7. The most shining of the grass-fed beef benefits: It’s a lucrative marketing label.

Just like “garden-fresh tomatoes” sound better than “tomatoes,” we have to admit that “grass-fed beef” sounds better than just “beef.” This is actually a commonly-used restaurant menu trick: use savory adjectives and the food sounds more delicious (even though it is the exact same food!) Yum!

In a Cornell review study “Slim by design: Menu strategies for promoting high-margin, healthy foods” researcher Brian Wansink, PhD cites a study where he shows descriptive words increase sales:

They changed the names of restaurant menu items to make them more descriptive; the seafood filet became Succulent Italian Seafood Filet and red beans and rice became Cajun Red Beans and Rice. Sales of these items went up by 28% and they were rated as tastier, even though the recipe was identical. Diners were also willing to pay an average of 12% more money for a menu item with a descriptive name.

And the marketing label pays off, especially when paired with the another magic word: “organic.” In their 2014 study “Growth, carcass characteristics, and profitability of organic versus conventional dairy beef steers” the authors concluded that the grass fed organic steers had 43% greater profit than the conventional ones “due to organic beef price premiums and lower feed costs.”

So I get that. I get marketing and I get the power of labels.

Grass-fed beef is more expensive at the supermarket conveying quality (it’s actually more expensive because it takes 52% longer (see above) to grow up to a certain weight.) Grass-fed invokes an image of a happy cow roaming in the green fields. We’ve grown up with that image. And we erroneously assume that only grass-fed beef gets to play outside.

Grass-fed or grain-fed beef is a dilemma that you should not have.

After reviewing the data the one benefit that I see as having merit is the environmental benefit of grain-fed beef. This is a big reason to choose grain-fed beef. But from a health perspective, seriously, whether you choose grass-fed or grain-fed beef will hardly make any difference. Instead, this dilemma may incur more problems than benefits:

  • First, the dilemma itself is a cause of anxiety. It gets blown out of proportion and it appears as if it has merit and real health consequences. At the time of debating this in your head, you don’t realize you’re debating minutiae.
  • Second, you may feel like choosing one of the two as a healthier option will make you healthier, and experience the feeling of “paying your dues” by making better choices. But this choice won’t make any difference to your health, and it may distract you from the things that would actually make a difference – like exercise. So you may keep not exercising, while feeling peaceful because you chose grass-fed beef.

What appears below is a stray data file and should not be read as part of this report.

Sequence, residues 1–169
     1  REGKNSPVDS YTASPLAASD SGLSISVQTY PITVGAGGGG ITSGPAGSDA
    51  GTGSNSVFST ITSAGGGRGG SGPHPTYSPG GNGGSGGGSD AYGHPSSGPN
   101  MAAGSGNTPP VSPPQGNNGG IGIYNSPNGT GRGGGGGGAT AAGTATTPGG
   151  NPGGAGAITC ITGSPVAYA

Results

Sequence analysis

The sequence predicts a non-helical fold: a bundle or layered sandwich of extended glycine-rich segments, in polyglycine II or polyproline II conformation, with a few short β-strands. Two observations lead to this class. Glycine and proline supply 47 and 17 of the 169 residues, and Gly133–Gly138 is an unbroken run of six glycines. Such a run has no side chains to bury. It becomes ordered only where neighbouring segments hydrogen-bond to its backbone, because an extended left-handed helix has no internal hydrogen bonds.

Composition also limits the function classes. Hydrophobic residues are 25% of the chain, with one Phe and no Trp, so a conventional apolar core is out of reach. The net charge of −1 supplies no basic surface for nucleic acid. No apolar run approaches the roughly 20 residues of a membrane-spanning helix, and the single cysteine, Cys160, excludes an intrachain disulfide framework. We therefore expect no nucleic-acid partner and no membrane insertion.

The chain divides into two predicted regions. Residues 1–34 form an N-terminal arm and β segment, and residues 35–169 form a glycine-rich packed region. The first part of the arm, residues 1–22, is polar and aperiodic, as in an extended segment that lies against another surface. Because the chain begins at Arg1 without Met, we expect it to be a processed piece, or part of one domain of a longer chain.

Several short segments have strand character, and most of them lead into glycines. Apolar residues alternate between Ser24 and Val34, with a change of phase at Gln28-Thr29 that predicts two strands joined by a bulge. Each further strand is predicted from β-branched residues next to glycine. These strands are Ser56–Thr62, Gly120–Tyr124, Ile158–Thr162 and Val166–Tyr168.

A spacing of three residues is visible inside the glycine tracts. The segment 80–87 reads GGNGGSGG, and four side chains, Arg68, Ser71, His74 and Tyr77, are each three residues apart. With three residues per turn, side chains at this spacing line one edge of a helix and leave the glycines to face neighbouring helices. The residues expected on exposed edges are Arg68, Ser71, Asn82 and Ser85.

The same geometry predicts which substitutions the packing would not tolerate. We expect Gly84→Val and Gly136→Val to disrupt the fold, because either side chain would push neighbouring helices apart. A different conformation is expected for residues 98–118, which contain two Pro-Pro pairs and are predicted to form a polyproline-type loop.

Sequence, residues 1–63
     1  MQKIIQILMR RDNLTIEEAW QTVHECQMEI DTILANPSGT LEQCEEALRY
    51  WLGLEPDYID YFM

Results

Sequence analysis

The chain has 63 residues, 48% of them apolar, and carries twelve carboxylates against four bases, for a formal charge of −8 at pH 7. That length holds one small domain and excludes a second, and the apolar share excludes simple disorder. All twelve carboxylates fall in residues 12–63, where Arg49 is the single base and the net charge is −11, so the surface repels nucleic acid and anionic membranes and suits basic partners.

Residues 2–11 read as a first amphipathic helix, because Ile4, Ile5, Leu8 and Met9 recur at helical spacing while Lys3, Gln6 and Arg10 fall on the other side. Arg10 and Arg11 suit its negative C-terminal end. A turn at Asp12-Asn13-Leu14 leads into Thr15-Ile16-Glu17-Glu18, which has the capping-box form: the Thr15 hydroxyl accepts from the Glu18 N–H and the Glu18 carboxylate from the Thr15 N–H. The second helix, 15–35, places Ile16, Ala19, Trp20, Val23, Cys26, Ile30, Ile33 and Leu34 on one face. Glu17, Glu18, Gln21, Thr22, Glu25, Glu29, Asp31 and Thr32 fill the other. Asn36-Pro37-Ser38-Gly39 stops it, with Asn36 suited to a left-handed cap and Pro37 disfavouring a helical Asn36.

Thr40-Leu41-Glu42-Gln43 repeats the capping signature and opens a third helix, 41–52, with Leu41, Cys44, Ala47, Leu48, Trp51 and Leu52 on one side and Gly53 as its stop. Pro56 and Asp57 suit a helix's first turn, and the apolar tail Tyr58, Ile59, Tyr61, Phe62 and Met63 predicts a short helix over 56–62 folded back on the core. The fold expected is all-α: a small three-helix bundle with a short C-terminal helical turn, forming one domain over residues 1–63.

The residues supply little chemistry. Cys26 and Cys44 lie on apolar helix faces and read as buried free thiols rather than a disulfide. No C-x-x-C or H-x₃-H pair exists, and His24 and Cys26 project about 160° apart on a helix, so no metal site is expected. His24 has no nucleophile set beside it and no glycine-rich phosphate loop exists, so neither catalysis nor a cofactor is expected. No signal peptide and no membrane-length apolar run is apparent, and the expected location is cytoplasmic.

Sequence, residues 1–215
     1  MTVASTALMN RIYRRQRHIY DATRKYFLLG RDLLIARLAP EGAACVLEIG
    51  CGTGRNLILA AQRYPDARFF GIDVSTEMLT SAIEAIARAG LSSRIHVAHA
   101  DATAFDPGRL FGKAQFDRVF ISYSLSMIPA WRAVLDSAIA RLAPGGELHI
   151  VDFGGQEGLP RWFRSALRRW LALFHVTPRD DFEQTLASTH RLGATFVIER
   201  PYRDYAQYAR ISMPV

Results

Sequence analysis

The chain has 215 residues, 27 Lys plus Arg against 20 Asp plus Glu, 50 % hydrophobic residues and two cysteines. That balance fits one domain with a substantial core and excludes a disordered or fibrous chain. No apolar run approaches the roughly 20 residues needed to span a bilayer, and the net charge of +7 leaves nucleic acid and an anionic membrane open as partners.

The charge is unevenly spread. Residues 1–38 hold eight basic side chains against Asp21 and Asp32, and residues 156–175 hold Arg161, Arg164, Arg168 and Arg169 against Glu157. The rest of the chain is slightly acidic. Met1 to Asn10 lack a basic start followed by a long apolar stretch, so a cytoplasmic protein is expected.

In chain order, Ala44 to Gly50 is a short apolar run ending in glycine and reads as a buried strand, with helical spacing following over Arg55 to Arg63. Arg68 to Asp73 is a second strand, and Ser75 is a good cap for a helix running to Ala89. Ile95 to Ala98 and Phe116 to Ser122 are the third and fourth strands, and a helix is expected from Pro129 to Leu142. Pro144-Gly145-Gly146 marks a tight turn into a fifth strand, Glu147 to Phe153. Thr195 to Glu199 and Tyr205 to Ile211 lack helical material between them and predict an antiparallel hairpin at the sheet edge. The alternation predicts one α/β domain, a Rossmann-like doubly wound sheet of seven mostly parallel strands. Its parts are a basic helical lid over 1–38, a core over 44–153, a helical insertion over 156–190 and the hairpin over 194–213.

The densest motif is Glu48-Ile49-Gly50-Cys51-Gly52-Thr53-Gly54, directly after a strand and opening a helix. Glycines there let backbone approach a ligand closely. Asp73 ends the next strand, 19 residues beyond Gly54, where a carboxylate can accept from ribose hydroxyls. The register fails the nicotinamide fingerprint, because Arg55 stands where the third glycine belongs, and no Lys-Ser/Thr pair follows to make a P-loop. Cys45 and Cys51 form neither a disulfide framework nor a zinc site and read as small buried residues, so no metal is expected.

(Want to exercise more? Try Flat Belly Firm Butt, our 16-minute home workout for busy professionals, or Exercise Bliss, our habit-making course for people who tend to regularly start and then stop exercise after a few months.)

There is a lot of misinformation going around on the internet; don’t let it distract you from the things that really matter. When I first presented the grass-fed beef benefits claims to Miller, she got agitated: “This is nothing more than fear mongering and a play on emotion, not facts, to sell their products. Ooh stuff like this pisses me off. Happy, healthy animals produce the best products and I think you’ll find that every producer has the same goal, despite what marketing tactics and labels want you to ‘feel.'”

Instead of debating minutiae about grain-fed or grass-fed beef benefits in the comments, let’s instead talk about the times we thought a trivial health subject was important, got busy with it, and ended up neglecting a more important issue.

Examples: you were often reading about the foods with more antioxidants, but did not schedule your annual lab exam appointment (my dad is guilty of this.) You were buying “organic” but did not do your annual flu vaccine (that’s me!) You get the idea.

It’s ok, no judgement. This exercise actually requires quite a bit of self-awareness, so congrats in advance for even thinking about it!